Details of Disappearance
Dunson's son, Gary Adams, reported him missing on June 5, 1998. He said they were shopping together at Findlay Market on Elder Street in the Over-the-Rhine neighborhood of Cincinnati at about 2:00 p.m. when Adams stepped into a butcher shop for a moment to purchase steaks, and when he came back out Dunson was gone.
Dunson was carrying a black leather wallet with about fifteen dollars in it when he disappeared. He may also have been carrying a lottery ticket; a clerk at Cee Kay Beauty Supply in Findlay Market remembered selling one to a man matching Dunson's description. Other people at Findlay Market also recalled seeing an elderly man that day, but he appeared to be at least twenty years younger than Dunson.
Investigators believe that Adams's version of events is fictitious and Dunson actually died years, perhaps over a decade, before his alleged disappearance.
Adams had lived with his family in rented accomodation in the 5700 block of Wyatt Avenue for eighteen years, and his landlord and neighbors don't recall seeing an elderly man living with them. Dunson's supposed bedroom was at the top of a steep flight of stairs, had very few items in it and didn't appear to have been lived in recently.
There were no prescription medications for Dunson in the house, although he had a history of medical problems. Adams's son had lived in the room for two months in 1988 and visited the home regularly afterwards; he said he'd never met his grandfather or even heard of him until he was reported missing.
Dunson's driver's license expired in the 1970s and has not been renewed. The most recent photo of him that authorities were able to find was from 1973. He was hospitalized at Cincinnati's University Hospital three times in 1980 for treatment of dementia or possibly a mild stroke, but not has not been a patient there since then.
He has not seen a doctor, made an insurance claim, had any prescriptions filled, held a bank account, voted, or owned a library card since about 1980.
Dunson used to frequent the Elder Cafe, but no one has seen him there since about 1980. He sometimes stayed at the Drop Inn Center, a local homeless shelter, in 1979 and 1980, but no one had seen him there in many years and residents of the shelter do not recognize the composite picture of Dunson as he is supposed to have looked in 1998.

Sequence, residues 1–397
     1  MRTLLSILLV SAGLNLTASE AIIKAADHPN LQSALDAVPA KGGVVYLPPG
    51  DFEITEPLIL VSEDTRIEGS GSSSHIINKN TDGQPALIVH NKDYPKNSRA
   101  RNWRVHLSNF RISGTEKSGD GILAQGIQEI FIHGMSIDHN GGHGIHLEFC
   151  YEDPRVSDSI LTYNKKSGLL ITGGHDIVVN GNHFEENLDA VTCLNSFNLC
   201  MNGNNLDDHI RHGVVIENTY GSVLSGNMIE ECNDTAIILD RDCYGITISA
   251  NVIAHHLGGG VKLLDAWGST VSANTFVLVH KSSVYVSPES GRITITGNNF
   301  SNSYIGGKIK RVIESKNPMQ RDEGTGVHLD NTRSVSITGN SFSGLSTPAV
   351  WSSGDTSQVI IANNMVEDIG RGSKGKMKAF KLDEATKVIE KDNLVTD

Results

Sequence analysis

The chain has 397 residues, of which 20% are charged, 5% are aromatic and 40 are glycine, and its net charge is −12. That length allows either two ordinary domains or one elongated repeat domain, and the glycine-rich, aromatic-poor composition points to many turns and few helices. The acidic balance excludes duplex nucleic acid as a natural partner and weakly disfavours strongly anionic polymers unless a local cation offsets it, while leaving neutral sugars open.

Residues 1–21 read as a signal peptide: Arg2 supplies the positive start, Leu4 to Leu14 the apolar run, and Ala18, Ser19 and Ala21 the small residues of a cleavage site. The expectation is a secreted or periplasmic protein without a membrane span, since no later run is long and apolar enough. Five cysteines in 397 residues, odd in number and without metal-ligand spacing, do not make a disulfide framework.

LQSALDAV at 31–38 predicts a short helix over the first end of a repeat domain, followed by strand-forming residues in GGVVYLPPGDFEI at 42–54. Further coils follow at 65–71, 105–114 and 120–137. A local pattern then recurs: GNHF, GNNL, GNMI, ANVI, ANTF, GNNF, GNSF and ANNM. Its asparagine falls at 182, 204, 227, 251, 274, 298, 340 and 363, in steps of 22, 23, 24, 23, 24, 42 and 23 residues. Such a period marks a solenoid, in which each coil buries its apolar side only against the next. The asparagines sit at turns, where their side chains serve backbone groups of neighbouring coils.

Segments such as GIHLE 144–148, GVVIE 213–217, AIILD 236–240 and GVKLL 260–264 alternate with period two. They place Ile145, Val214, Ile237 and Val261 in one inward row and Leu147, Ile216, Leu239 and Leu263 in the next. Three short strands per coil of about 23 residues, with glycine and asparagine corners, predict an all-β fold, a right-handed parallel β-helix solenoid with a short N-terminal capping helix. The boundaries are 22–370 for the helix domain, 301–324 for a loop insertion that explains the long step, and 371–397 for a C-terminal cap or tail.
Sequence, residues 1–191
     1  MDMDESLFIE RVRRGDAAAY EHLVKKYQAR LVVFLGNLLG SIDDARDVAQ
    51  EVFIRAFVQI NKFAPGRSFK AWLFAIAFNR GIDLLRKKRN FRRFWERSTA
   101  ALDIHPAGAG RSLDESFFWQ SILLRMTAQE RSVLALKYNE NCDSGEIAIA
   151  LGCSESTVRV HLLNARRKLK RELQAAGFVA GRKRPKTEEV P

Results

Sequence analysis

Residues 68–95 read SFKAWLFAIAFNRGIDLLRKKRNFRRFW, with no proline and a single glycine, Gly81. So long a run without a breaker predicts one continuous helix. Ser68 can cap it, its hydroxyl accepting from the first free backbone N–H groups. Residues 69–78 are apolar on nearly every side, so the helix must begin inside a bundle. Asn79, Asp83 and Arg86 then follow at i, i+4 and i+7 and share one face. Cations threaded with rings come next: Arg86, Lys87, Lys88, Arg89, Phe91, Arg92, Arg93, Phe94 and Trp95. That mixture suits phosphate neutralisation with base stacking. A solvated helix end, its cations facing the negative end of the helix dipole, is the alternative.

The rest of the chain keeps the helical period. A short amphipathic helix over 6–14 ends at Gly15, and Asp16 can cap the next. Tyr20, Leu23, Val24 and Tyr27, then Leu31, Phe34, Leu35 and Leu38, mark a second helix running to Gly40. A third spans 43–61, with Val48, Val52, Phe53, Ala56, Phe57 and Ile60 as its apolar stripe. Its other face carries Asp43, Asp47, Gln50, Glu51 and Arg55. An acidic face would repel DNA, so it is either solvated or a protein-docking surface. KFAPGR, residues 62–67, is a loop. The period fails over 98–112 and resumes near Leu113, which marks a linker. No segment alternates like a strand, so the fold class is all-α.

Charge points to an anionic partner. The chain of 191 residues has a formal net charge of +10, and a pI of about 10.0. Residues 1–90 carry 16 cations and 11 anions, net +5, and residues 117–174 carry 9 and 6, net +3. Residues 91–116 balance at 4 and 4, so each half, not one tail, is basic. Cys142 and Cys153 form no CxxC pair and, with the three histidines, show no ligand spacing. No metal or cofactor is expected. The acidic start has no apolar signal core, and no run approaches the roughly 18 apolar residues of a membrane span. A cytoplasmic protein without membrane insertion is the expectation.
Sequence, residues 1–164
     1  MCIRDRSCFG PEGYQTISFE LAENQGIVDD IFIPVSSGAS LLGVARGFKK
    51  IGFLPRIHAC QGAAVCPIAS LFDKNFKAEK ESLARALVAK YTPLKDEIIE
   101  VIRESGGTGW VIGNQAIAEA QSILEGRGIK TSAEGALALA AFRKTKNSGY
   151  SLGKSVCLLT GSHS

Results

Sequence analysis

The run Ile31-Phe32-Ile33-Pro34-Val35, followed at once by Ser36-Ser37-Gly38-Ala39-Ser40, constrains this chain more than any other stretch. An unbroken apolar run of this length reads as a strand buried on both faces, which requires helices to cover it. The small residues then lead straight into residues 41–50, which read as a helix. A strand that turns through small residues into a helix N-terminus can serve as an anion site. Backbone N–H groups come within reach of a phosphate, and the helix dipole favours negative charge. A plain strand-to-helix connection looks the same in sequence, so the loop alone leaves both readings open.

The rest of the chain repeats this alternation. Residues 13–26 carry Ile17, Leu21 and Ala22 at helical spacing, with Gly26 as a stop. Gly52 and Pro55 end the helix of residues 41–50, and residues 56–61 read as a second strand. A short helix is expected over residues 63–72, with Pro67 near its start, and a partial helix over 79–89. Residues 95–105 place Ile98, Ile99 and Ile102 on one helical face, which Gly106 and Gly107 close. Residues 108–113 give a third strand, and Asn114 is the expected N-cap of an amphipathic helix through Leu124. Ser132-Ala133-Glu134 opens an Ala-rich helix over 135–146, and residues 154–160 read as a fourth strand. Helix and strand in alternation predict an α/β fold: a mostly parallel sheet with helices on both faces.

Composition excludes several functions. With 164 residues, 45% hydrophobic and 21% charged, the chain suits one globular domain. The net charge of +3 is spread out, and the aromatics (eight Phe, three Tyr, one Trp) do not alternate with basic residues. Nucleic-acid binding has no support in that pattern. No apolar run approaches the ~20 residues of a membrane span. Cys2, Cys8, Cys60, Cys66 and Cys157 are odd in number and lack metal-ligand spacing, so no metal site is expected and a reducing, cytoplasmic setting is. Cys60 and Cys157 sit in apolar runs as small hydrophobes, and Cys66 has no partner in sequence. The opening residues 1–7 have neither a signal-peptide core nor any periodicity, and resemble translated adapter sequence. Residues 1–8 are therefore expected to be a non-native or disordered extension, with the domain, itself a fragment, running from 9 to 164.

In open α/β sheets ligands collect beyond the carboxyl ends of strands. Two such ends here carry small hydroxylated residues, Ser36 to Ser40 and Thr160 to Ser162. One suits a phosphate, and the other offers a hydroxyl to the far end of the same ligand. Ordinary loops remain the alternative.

Dunson once belonged to the Calvary Baptist Church in the Walnut Hills neighborhood of Cincinnati. He was an usher there, but none of the other church members recall seeing him since at least 1980, except the pastor, who thought he'd seen Dunston at some time before 1986. The pastor's statement is the only independent evidence of Dunston's existence past 1980.
When confronted with this evidence, Adams stated that Dunson does not believe in doctors or banks and that is why the paper trail for him stopped in 1980. He described his father as a quiet, reclusive man who only goes outside during the nighttime, because he had the latest shift throughout his working career and was used to sleeping during the day.
Adams also stated Dunson kept to himself in part because he afraid the family would get in trouble with their landlord for having too many tenants, but Adams's landlord says there are no restrictions on how many people can live in the home.
Dunson was reported missing four days after the Social Security Administration (SSA) sent a letter to his and Adams's residence. The letter requested that Dunson meet with an SSA representative in person to verify his identity.
Dunson had been drawing a pension and Social Security benefits since 1970 and the SSA was doing a routine procedure which they do for all recipients approaching 100 years of age, to make sure he was still alive and receiving the payments and no one else was impersonating him to cash the checks.
Authorities believe Adams had been co-signing his dead father's checks and depositing them into his own account for years under the pretense that Dunson was still alive. The amount of money over the years totaled over $100,000.
Adams was convicted on twenty-five counts of theft of public funds in the spring of 1999, for stealing Dunson's Social Security benefits. He was acquitted of twenty-five counts of forgery; investigators were unable to find a sample of Dunson's handwriting to compare with his supposed signature on the checks.
The court determined that Dunson had most likely been deceased since at least 1985, and Adams had therefore been misappropriating his benefits since 1986.
Adams was sentenced to 27 months in prison and ordered to pay restitution. He has never been criminally charged in connection with his father's disappearance and police say that, unless they find Dunson's remains, the case is likely to end with the theft convictions.
Dunson is believed to have been born in Marietta, Georgia. He is a World War I veteran who worked at the now-defunct Oberhelman-Ritter iron foundry on Colerain Avenue in Cincinnati, which he retired from in 1970. He never legally married, but had eight or nine children.
Dunson's case remains unsolved; he is presumed deceased.